Diego Forlan explains Japan's success mantra

Indian Super League side Mumbai City FC's marquee signing Diego Forlan opens up on his long career and his stint in Japan's J-League.

Diego forlan mumbai city marquee ISL

“The Japanese try to do things as perfectly as possible. It is difficult for others to follow their way," said Forlan, about Japan's dominance in Asia.   -  Vivek Bendre

Diego Forlan, who used to be a one-man demolition squad for his national tean Uruguay, places team wins over awards won for spectacular goals off his boots. The winner of European Golden Shoe twice (2004-2005/2008-2009) and FIFA Golden Ball once (2010 World Cup), said he values victories like the 2011 Copa America trophy over personal milestones.

“I feel happy when the goals I scored helps the national team to qualify or win tournaments. Titles won as a team gives me more joy,” said the 37-year-old.

Mumbai City FC’s marquee player scored six times in 10 appearances at three FIFA World Cups (2002, 2010, 2014), besides 15 goals in 47 World Cup qualifying games for Uruguay. Forlan’s club highs include Man of Match award for two strikes in the 2010 UEFA Europa Cup final for Athletico Madrid against Fulham.

The Indian Super League is the Uruguayan’s second stint in Asia, after a successful J-League debut with Japan’s Cerezo Osaka in 2014-2015 season.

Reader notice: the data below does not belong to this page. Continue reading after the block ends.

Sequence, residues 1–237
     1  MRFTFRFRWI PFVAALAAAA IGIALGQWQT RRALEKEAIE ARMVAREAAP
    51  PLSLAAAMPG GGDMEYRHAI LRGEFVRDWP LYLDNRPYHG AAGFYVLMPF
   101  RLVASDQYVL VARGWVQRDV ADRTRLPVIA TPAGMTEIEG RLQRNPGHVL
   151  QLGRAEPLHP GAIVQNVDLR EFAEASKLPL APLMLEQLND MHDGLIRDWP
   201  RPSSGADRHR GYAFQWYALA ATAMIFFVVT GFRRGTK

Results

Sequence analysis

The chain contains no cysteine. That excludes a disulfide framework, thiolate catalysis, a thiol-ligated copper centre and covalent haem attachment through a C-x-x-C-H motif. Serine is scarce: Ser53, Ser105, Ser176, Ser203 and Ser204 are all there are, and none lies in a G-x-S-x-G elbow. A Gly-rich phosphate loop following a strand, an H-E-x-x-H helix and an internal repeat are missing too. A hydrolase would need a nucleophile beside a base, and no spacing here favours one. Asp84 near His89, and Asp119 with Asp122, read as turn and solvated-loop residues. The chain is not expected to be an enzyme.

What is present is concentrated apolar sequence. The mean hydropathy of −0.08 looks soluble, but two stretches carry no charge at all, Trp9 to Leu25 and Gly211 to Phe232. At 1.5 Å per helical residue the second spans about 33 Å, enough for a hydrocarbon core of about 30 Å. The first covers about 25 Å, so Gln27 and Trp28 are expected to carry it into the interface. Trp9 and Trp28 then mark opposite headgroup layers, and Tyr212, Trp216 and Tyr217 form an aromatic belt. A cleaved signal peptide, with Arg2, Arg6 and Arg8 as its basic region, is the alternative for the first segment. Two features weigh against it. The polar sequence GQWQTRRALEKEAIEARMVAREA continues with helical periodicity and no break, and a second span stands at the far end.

Forlan moved to Japan from Brazilian club Internacional on an 18-month contract and guided his club into the AFC Champions League knockouts in the process. Cerezo Osaka signed him after the striker’s third World Cup appearance in 2014.

Replying to a question about Japan’s success among Asian nations in gaining World Cup qualification, he explained: “The Japanese try to do things as perfectly as possible. It is difficult for others to follow their way, not many countries in Asia have managed.”

Five back-to-back appearances in FIFA World Cup by Japan, since debut in 1998, is a remarkable achievement by the nation. Forlan points out that Japan sends its talented youngsters to major football nations. “Uruguay has seen many young Japanese, who come in groups to play, watch Uruguayan teams in training and learn.”

He added: “Japanese believe in taking something from everyone. Uruguay, Brazil, Argentine, you will find young Japanese in most of the leading football nations. The J-League clubs also invite foreign players. The rise in club standards helped Japan put up a better show internationally.”

Uruguay and Japan qualified for the knockout from different groups in 2010 World Cup. Forlan inspired his nation to wins over South Korea, Ghana before losing the semifinals to the Netherlands.

Forlan’s volleyed goal against Germany in the 2010 WC third-place match was named by FIFA later as the ‘Goal of the Tournament’. He moved from Villareal FC in the Spanish league to higher-rated Atletico Madrid, followed by a move to Serie A with Inter Milan. He then went on to ply his trade with Internacinal in Brazil before the J-League. He moved from Japan back to Uruguary with Penarol FC till last season when the Indian Super League clubs got him on the radar.

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